Welcome back and happy New Year!

The holiday break has given the Ecojustice team time to reflect on the past year and the challenges we’ll be facing in 2014. From tackling the plight of Canada’s endangered species to calling for an end to the use of toxic pesticides, there is no shortage of pressing issues to take on.

But there’s one challenge that seems to loom a little larger than the rest: The tangle of mega-pipeline projects threatening to snake their way through our backyards, across our waterways and into the heart of Canada’s most fragile ecosystems. Whether we’re talking Northern Gateway, Line 9, or Kinder Morgan’s proposed TransMountain expansion, these risky pipeline projects are a one-way ticket in the wrong direction on climate change.

Like you, we were deeply disappointed when the Joint Review Panel (JRP) tasked with assessing the project’s merits and faults recommended that the federal Cabinet approve Northern Gateway.

After all, the 18-month hearing process did little to address our concerns — shared by the 96 per cent of process participants opposed to the pipeline — about the project’s significant environmental risks.  All told, seven years after first proposing the project, Enbridge has still failed to convince academics, scientists, First Nations, the B.C. government and scores of engaged citizens that it can safely build and operate a 1,117 km pipeline.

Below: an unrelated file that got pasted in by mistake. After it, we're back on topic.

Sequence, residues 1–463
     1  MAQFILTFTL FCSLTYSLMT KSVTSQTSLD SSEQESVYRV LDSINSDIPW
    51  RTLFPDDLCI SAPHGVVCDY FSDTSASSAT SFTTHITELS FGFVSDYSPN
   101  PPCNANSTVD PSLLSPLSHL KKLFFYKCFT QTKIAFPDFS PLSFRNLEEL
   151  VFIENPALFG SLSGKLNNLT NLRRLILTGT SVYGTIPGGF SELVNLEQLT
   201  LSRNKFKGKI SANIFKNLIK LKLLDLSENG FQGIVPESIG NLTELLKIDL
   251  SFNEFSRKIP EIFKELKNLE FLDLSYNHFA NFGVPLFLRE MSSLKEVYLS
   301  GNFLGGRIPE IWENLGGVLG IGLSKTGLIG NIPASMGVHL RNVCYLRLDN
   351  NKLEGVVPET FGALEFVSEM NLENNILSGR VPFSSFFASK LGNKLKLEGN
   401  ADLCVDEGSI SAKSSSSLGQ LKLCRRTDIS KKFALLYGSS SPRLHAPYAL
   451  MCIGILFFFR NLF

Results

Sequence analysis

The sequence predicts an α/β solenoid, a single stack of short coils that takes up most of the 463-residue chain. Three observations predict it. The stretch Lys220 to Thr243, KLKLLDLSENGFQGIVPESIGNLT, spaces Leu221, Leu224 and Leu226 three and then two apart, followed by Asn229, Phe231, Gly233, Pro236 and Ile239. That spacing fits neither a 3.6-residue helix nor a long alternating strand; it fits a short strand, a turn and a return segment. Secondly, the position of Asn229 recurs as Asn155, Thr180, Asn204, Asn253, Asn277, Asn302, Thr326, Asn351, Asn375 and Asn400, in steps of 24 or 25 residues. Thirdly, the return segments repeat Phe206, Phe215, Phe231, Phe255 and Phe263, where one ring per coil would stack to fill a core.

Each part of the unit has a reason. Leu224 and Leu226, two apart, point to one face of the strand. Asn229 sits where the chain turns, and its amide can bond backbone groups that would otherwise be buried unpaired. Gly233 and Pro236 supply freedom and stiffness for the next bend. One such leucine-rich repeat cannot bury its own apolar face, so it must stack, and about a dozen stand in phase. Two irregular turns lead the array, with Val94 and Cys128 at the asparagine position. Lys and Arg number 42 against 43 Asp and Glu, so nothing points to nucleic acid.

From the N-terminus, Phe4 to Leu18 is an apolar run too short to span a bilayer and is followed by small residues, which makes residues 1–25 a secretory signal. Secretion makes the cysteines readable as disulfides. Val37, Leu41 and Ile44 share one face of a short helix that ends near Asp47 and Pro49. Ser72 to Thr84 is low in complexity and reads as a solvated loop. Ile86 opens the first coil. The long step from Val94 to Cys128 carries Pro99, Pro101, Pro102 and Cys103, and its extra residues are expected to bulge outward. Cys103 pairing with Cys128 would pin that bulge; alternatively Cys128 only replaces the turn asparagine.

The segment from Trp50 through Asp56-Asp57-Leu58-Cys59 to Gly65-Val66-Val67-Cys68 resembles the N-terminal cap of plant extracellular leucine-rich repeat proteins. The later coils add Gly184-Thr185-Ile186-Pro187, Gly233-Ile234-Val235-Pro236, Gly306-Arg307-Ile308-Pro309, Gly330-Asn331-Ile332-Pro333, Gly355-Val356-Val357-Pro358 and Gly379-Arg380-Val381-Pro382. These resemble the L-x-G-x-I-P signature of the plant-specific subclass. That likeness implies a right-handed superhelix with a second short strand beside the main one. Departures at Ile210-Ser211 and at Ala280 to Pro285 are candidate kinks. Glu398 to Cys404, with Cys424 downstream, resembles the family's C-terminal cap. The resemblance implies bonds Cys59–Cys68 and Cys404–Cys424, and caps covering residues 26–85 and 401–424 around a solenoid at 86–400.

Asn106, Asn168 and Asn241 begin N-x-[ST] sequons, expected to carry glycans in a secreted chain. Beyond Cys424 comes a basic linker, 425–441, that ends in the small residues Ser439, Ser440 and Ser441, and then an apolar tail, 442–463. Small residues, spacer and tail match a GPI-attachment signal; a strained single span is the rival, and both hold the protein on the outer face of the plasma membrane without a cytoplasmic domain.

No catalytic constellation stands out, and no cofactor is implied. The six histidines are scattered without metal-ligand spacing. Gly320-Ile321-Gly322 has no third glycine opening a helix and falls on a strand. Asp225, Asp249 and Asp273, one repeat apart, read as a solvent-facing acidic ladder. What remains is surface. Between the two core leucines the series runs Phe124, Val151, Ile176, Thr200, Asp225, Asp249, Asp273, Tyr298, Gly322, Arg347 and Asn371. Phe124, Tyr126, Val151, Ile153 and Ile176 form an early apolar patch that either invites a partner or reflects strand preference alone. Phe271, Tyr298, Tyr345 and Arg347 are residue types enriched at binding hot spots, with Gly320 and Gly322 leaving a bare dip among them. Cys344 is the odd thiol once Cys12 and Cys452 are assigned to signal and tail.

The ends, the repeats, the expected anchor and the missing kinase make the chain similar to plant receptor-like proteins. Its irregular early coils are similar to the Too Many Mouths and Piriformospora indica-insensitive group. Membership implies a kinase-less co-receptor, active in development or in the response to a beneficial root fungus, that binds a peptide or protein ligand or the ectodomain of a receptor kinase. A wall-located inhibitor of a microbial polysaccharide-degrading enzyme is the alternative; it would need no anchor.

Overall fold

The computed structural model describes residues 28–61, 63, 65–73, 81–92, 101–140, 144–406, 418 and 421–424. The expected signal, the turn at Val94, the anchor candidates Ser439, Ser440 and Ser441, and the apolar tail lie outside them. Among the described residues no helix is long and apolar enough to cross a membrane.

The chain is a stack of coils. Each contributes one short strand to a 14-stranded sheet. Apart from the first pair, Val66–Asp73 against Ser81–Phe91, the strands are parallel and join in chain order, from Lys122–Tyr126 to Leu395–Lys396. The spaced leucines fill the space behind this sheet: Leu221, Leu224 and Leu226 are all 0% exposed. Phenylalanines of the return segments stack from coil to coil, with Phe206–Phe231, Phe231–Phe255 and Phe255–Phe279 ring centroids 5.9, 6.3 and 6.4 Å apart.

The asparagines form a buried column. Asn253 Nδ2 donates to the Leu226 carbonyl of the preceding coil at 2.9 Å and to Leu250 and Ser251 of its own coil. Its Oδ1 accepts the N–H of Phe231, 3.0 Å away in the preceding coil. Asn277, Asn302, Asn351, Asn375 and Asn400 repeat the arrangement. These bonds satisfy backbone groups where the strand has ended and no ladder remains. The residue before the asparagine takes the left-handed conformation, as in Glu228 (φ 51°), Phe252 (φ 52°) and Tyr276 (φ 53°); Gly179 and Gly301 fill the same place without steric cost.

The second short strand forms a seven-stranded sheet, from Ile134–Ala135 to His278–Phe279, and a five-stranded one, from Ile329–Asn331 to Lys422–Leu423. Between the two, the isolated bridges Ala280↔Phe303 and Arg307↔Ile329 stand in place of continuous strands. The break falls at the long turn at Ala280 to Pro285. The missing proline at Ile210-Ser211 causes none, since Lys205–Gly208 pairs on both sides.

Although the JRP’s recommendation is just that — a recommendation and not the final word — it’s hard to imagine a world where the federal Cabinet won’t give this project the green light. While the federal government has backed off its aggressive pro-Northern Gateway stance in recent months, we cannot overlook the fact that it forced sweeping and unprecedented changes to Canada’s environmental protection regime with a pair of omnibus budget bills in 2012, just as the pipeline debate kicked into high gear. The end result: Weaker standards of review and a federal Cabinet with final decision-making authority over matters of industrial development and the environment.

So where does this leave us?
While we await Cabinet’s decision on Northern Gateway, Ecojustice lawyers are sifting through the JRP’s final report and consulting with our clients at ForestEthics Advocacy, Living Oceans Society and Raincoast Conservation Foundation about next steps.

This pipeline is not a done deal and the fight is far from over. Consider that the JRP’s recommendation, which we’ve called “a major setback for science and democracy,” seems to have hardened opposition to the project. We’ve already seen First Nations groups vow resistance and others in the environmental movement engage their networks with calls for direct action.

Meanwhile, we’re already taking the lessons learned during the Northern Gateway hearings and putting them to use as we consider our legal strategy around another major pipeline project: Kinder Morgan’s TransMountain expansion, which would twin an existing pipeline and dramatically increase tanker traffic through Vancouver’s Burrard Inlet.

Safe to say, 2014 will be a busy year with lots to talk about. Onward!